You can have your child trace their name, work on counting, or read books together. Try to focus on education for at least an hour a day. If an hour is too much for your child, try intervals of twenty or thirty minutes.  

5. Do some online exploring! 

  There are some great streaming activities for children right now.  

  Zoo animals can be observed live online.  A variety of museums, including some dedicated to topics like Tim Burton films, are offering free digital tours. You can also use Google Maps to explore national parks, like the Sequoias. Children can even check out Mars. 

  To show your children Mars, I recommend using the link 

6. Make a macaroni necklace!  

  This requires pasta that can be strung, string, and optional food dye. You may have made a macaroni necklace as a child. This classic is still a pleasurable time for the whole family to do together. Macaroni necklaces have been entertaining children for years, and can be personalized using anything that can be put on a string. Get creative and enjoy!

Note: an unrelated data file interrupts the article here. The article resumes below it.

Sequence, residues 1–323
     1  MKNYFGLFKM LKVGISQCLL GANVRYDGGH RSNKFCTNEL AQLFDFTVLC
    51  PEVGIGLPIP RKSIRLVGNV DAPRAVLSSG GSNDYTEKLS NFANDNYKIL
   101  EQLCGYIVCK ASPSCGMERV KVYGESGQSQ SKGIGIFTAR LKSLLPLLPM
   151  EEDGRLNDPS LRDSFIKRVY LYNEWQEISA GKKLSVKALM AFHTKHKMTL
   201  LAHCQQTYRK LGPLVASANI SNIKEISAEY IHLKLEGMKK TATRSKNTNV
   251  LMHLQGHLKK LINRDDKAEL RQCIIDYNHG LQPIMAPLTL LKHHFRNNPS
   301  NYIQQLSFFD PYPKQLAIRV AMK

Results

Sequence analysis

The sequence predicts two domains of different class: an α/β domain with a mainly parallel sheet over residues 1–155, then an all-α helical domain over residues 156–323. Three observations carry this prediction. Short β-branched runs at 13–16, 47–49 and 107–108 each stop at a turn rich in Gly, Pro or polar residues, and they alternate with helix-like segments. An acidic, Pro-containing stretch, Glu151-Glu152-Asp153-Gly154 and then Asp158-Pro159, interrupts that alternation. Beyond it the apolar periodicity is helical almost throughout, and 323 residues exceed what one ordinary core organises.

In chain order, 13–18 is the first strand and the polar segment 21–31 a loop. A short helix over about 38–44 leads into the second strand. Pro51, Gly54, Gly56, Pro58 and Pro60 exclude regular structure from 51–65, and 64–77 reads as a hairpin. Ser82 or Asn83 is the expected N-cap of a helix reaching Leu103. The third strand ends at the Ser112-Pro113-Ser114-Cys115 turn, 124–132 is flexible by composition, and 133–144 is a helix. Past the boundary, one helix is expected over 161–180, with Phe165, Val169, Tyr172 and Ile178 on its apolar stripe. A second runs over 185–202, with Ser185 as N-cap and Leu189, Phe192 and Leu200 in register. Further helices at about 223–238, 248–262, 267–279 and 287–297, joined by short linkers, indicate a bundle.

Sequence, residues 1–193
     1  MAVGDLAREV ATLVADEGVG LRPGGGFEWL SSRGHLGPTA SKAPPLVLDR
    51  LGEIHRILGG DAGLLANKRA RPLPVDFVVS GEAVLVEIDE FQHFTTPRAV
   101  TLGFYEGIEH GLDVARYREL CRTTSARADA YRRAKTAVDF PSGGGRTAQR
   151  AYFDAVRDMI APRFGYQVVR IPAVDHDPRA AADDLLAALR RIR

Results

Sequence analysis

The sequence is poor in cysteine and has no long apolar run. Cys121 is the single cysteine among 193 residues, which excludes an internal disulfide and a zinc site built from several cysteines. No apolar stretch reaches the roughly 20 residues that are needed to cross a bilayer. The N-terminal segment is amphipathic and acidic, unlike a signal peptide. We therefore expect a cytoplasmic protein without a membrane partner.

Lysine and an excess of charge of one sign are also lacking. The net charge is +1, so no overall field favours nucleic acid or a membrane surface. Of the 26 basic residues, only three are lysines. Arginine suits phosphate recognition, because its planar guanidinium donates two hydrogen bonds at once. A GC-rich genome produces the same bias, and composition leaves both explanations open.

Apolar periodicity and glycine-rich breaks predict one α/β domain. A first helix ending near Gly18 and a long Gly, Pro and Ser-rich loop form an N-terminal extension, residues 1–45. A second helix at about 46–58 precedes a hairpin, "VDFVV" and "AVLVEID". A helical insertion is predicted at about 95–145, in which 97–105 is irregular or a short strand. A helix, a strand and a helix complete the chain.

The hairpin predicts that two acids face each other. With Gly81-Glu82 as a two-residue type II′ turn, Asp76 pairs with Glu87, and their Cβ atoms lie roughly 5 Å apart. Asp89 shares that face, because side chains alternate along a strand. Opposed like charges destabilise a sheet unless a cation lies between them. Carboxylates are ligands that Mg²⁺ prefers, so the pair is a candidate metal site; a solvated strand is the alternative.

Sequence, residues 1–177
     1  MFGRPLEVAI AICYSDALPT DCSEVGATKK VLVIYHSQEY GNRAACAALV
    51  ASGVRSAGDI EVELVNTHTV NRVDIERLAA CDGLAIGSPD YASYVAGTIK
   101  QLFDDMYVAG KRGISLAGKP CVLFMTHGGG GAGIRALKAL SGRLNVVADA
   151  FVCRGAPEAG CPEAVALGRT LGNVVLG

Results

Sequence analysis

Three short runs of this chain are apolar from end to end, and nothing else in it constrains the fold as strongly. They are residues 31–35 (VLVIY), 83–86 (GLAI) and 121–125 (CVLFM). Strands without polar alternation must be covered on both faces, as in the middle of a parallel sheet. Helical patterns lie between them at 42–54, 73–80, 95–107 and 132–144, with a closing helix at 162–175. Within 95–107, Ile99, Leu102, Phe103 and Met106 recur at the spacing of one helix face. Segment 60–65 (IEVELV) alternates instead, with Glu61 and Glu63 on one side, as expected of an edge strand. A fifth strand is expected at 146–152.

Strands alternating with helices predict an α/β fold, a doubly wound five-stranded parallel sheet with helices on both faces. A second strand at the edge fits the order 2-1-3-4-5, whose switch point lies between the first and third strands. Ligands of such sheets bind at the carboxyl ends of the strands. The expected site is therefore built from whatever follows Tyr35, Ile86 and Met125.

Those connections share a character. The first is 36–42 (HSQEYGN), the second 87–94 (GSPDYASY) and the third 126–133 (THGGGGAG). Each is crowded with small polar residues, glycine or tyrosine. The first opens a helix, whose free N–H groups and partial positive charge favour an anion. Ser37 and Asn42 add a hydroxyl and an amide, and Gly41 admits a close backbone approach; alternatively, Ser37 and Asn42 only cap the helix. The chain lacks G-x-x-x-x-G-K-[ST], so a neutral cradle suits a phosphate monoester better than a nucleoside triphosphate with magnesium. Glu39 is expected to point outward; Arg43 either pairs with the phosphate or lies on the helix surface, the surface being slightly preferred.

Whether you try the activities above or decide to research and design your own, these activities should be scheduled in a routine. The consistency that comes with routines helps children learn everyday events and procedures.  Try to create at least one fun activity for your child to try each day. It may be hard on parents to honor a daily schedule for their children, but routines give children a vital sense of stability and security.